Kennedy says: “The key message is safety,” adding that Bluecorner products offer a safer and easier alternative to carrying cash, shopping online and spending abroad. He also says that, despite criticisms that the account charges are too high – &£9.95 to open an account, &£4.99 to upgrade or cancel and up to &£4 to top up – competitors’ fees are greater.

Emap commercial director Nigel Waters agrees. He says people are too used to free banking facilities, but the co-branded cards offer value for money for services offered. “These are not credit cards,” he says. “Children cannot get into debt.” He also believes children mature more quickly these days, and the card will teach financial responsibility and budgeting. “Nothing that has been spoken about [the cards] would change my mind about their value,” he adds.

Encourage children to save

The cards could potentially encourage children to save, with proposed links to savings accounts, though critics say marketing of the cards is heavily geared towards spending. Ads running in Bliss magazine for a Platinum Card urge readers to “splash the cash”, and emphasise shopping discounts and special offers available.

A spokeswoman for the National Consumer Council (NCC) says: “The idea promoted – shop till you drop – isn’t a responsible message. Although you can’t go into debt with these cards, the message is fuelling pester power.” She adds that the organisation has “strong reservations” over a pre-paid card for teenagers, arguing that youths would be better off having cards directly linked to current accounts, which did not cost anything to set up, or for money transfers.

Encouraging teens to spend by card rather than cash could lead to them developing a “plastic habit” and turning to the array of credit deals on turning 18, warns the spokeswoman.

But Waters says that all deals and marketing programmes are approved by individual editors who know their core markets “better than anyone”. EMAP, which has also launched Magic FM and Max Power cards, is readying the next tranche of titles to market, with plans for extended offers, benefits and tie-ups.

Bluecorner is also launching a pan-European Hello Kitty card designed to appeal to 20-something women, and is in talks with Hertfordshire police and council to introduce an “anti-bullying” card across the region, without the &£9.95 start-up charge. This could work by preventing children being attacked for their lunch or pocket money, because it is only available via the card.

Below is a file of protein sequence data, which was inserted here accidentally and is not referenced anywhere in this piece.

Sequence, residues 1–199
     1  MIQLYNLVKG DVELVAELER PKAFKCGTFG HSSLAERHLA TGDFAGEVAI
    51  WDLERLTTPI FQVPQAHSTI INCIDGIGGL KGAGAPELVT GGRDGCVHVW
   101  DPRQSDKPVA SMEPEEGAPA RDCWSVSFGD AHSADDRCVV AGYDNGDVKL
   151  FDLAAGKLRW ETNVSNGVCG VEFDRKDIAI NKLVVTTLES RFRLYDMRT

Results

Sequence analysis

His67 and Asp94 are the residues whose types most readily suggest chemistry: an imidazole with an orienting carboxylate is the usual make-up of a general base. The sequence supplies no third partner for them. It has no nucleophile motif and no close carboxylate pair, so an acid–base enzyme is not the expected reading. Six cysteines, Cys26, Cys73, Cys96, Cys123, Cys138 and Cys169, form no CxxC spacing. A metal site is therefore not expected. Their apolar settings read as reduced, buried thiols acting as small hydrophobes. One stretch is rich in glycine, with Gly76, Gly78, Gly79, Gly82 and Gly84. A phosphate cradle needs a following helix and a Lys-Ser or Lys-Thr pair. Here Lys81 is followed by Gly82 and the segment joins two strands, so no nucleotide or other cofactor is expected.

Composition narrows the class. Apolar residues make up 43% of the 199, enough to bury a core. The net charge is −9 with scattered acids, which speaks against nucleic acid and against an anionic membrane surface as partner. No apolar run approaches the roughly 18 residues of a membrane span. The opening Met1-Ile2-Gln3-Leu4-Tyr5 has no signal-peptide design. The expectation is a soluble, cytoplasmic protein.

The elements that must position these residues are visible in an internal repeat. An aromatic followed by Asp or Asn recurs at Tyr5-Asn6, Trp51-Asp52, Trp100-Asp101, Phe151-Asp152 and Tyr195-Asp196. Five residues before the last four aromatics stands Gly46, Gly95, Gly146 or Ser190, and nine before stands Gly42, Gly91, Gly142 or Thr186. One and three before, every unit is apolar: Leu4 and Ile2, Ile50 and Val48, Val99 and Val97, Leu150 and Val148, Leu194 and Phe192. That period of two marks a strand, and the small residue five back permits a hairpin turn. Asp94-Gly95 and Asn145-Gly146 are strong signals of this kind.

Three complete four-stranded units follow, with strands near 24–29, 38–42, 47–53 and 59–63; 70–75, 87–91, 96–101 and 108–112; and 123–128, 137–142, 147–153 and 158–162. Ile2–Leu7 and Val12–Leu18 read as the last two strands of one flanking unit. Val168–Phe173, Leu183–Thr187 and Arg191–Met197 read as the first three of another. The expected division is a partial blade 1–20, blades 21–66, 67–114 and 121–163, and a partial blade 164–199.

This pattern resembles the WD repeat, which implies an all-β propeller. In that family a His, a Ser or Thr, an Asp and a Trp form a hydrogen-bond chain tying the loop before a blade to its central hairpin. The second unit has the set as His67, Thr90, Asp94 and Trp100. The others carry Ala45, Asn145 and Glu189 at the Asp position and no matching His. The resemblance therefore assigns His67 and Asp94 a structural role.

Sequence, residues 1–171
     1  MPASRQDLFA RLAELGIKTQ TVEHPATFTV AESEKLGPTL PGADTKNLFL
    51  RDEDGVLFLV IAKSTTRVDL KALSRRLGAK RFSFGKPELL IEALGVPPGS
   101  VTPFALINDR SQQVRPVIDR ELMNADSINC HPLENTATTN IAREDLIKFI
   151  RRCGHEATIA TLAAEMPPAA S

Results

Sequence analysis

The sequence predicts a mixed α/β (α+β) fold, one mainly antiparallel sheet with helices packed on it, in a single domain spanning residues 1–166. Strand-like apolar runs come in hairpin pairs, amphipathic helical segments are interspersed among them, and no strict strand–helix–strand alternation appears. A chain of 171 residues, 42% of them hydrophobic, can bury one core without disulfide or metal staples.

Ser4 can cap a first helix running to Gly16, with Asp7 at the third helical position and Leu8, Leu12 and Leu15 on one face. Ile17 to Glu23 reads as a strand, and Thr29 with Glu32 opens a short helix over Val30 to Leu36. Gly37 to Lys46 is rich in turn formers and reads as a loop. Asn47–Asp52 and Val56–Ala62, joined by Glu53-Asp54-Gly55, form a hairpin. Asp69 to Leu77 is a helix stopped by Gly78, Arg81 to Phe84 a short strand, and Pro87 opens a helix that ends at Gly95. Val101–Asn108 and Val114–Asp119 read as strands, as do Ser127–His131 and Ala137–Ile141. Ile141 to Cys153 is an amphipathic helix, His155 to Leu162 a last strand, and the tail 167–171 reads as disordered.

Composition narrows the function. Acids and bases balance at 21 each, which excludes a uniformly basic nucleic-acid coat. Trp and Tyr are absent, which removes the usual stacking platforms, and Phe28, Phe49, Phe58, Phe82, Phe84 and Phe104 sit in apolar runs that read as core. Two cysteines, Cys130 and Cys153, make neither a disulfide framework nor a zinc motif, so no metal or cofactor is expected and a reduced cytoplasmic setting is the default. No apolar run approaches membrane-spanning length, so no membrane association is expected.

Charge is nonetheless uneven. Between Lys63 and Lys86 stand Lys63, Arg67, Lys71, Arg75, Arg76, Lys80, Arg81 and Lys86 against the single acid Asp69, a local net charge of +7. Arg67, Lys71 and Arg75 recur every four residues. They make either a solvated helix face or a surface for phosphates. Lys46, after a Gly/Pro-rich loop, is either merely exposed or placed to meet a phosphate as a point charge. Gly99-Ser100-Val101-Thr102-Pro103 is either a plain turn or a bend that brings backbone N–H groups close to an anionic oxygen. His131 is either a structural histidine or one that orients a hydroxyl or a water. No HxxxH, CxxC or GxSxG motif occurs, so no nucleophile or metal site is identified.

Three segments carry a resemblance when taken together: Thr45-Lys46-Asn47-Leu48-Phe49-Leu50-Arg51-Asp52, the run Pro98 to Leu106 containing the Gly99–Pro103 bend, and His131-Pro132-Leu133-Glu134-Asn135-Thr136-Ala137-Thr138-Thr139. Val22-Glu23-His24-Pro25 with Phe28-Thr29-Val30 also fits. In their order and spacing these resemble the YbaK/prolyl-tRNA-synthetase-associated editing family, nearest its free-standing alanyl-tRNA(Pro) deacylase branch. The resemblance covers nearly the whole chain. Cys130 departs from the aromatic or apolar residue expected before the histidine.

While Bluecorner and Emap are first to market, competitors are developing products. PrePay Technologies is considering distributing pre-paid debit cards with MasterCard aimed at the youth sector, and consumers who do not have a bank account. PrePay estimates there are six to eight million people without accounts in the UK, including under-18s. Up to a third of these do not have the status to hold bank cards.

An insider claims that many banks and building societies are aiming to provide products linked to children’s savings and current accounts. Clydesdale Bank last week announced it was to launch a card aimed at those without bank accounts or with bad credit history, while various government departments and employers are scrutinising the use of such cards in payroll and benefit schemes.

Popularity of the cards has yet to be proven, but as with pre-paid mobile phones in the 1990s, the whiff of controversy and edginess will remain the products’ attraction for kids. And, just as with mobiles, pre-paid cards could become as much the talk of the high school as they are of the high street.